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Martha is Sophie's youngest sister, and she's at least as opinionated as Lettie. However, unlike Lettie, her ambition is not to become rich and powerful—instead she wants to marry, settle down, and have ten children.
With this goal in mind, while Martha is working as Mrs. Fairfax's apprentice she learns enough magic to change her appearance to look like Lettie's. And then she and Lettie switch places: Martha becomes an apprentice at Cesari's pastry shop and Lettie becomes Mrs. Fairfax's student. Martha only comes clean to Sophie about this switcheroo once Sophie finally gets up the courage to leave her hat shop and visit the pastry shop (before she turns old, of course).
Both Lettie and Martha refuse to give in to their proper fairytale roles: even though, as the youngest daughter of three, Martha is the one who should be going off to have adventures, Martha knows that's not what she wants. Sophie is the only Hatter who clings strongly to the fairytale clichés, and it's part of her journey to become more like her sisters, since they agree that she is "far too clever and nice to be stuck in that shop for the rest of [her] life" (2.16). Sometimes younger siblings really know what's up.
Martha has two traits the turn out to be important in the novel. First, she is clearly angry at Fanny—her mother but Sophie and Lettie's stepmother—for sending Lettie to the pastry shop and Martha to Mrs. Fairfax without listening to their wishes. She's also furious that Fanny has been keeping Sophie as an apprentice in the hat shop when it has so clearly been bad for her. Martha communicates her frustration to Sophie:
Mother knows you don't have to be unkind to someone in order to exploit them. She knows how dutiful you are. She knows you have this thing about being a failure because you're only the eldest. She's managed you perfectly and got you slaving away for her. (2.20)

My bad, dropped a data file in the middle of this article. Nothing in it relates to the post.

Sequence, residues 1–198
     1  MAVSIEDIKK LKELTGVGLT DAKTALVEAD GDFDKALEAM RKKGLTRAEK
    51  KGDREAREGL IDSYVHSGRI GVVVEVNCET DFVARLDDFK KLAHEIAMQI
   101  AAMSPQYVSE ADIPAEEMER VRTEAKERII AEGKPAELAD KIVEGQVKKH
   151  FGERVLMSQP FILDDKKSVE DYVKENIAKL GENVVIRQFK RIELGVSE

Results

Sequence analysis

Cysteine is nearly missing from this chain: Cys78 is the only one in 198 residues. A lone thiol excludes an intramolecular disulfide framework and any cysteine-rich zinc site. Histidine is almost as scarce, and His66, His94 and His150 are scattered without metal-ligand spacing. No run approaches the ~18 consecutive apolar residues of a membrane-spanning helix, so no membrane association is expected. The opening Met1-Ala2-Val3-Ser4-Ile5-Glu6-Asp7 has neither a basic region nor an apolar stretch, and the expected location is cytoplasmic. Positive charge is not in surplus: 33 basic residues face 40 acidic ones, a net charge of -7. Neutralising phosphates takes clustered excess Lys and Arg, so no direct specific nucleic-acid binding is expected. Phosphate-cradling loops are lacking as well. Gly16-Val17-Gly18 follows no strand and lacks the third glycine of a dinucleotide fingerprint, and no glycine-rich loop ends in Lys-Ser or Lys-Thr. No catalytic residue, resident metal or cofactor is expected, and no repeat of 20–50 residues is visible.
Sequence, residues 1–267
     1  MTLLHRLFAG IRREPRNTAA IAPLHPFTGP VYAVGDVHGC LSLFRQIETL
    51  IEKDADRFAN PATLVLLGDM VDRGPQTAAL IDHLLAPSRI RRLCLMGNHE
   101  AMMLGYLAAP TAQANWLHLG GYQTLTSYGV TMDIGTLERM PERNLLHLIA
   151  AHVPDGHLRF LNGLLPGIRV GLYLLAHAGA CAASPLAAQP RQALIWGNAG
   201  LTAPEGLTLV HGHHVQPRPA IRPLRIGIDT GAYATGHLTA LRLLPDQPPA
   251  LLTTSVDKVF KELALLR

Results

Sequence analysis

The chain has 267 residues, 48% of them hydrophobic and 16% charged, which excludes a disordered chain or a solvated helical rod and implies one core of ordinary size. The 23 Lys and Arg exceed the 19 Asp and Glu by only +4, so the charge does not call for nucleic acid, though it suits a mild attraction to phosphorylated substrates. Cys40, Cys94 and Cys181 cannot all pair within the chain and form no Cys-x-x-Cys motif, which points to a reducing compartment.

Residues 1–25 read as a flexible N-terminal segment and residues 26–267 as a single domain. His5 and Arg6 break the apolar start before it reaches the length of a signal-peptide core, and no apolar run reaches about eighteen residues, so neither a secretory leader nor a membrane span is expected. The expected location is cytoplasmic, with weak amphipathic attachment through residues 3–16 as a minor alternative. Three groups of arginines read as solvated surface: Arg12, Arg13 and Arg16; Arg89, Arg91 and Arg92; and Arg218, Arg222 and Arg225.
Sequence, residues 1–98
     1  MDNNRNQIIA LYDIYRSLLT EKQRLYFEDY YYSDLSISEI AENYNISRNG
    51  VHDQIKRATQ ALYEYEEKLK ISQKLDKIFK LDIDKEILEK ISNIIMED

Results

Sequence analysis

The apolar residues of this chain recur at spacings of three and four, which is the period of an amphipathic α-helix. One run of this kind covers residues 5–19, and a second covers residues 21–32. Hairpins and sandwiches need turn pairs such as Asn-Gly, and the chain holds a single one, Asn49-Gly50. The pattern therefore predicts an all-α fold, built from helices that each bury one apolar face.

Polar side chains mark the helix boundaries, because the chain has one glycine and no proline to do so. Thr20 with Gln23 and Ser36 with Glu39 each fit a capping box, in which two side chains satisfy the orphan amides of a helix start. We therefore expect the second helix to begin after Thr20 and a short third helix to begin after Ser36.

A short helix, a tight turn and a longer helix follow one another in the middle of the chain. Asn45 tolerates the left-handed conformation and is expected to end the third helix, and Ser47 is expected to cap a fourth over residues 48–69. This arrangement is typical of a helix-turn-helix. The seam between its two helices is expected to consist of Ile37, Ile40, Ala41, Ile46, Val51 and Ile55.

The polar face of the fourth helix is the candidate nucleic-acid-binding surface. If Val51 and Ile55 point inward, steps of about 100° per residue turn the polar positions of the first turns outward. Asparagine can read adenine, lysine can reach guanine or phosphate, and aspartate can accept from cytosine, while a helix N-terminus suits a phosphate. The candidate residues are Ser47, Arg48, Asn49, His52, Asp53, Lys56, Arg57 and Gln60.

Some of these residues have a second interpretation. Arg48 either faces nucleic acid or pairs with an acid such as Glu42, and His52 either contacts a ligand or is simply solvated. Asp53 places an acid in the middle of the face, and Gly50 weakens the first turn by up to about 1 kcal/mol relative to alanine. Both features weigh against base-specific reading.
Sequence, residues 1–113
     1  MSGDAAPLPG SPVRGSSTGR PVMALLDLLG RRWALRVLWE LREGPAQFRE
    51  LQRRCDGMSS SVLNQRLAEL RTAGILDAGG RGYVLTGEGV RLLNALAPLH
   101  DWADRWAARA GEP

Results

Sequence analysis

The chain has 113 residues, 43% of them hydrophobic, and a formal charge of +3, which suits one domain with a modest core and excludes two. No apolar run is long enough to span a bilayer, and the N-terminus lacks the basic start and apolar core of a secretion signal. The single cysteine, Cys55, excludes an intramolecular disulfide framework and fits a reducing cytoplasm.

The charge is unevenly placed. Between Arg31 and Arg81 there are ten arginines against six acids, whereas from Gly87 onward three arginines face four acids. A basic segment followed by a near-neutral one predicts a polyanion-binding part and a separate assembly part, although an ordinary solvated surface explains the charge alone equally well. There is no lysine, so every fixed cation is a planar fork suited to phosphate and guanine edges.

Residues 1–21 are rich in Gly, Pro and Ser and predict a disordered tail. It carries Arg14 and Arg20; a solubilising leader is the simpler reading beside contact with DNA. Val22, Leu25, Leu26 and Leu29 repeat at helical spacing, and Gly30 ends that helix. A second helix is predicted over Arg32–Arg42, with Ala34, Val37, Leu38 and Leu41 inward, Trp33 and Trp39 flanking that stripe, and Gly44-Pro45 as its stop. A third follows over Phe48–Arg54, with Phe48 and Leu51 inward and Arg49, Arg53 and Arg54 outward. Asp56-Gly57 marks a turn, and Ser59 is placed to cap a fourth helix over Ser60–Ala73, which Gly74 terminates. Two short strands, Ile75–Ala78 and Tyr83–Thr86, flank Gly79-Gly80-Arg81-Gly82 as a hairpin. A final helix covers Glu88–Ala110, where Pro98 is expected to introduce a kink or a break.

However, when Sophie meets up with Fanny later on in the novel and Fanny is so happy to see her and has been so worried, Sophie realizes that Martha's view of her mother's motivations are just a tiny bit biased. Martha is angry at her mom, leading her to interpret her behavior in the worst and cruelest ways possible.
Indeed, looking back on this time in the hat shop from the perspective of Old Sophie, she can see that Fanny was also struggling with unhappiness and frustration following Mr. Hatter's death. Maybe she could have paid more attention to Sophie, but she isn't deliberately forcing Sophie to "slave away for her." Sophie realizes that she listened to Martha's point of view as though it was complete truth without considering all sides of the issue, which wasn't fair either to Sophie or to Fanny. Slowly Sophie is learning to be a better, fairer judge of character.
Beyond Martha's resentment toward her mom, the other character trait that makes her important in the novel is her desire for love. Martha places herself at the pastry shop after magically changing her appearance so that she can find a man who will love her for her rather than for her disguise as the spectacularly beautiful Lettie.
And indeed Martha does find the perfect man for her: Michael Fisher, Howl's apprentice. Their romance seems sweet but not exactly the stuff of legends—they're both fifteen, which is too young to get married, so they are waiting around until they are ready to start their lives together. They are both steady and responsible people who seem fairly certain about what they want out of life, and they both seem pretty devoted to one another.
Martha and Michael's relatively stable relationship stands in strong contrast to the dramatic disaster developing between Sophie and Howl. We certainly never see any sign that Martha and Michael get into giant, over-the-top fights that produce green slime in huge gobs throughout the moving castle.
Sophie and Howl may be older than Martha and Michael, but they have the emotional maturity of kids sometimes. Still, would you read a whole book about the sensible courtship of Michael and Martha? Sophie and Howl's ridiculousness is what makes their relationship worth narrating; by contrast, most of what takes place between Michael and Martha happens offstage because it's definitely nice but also dull.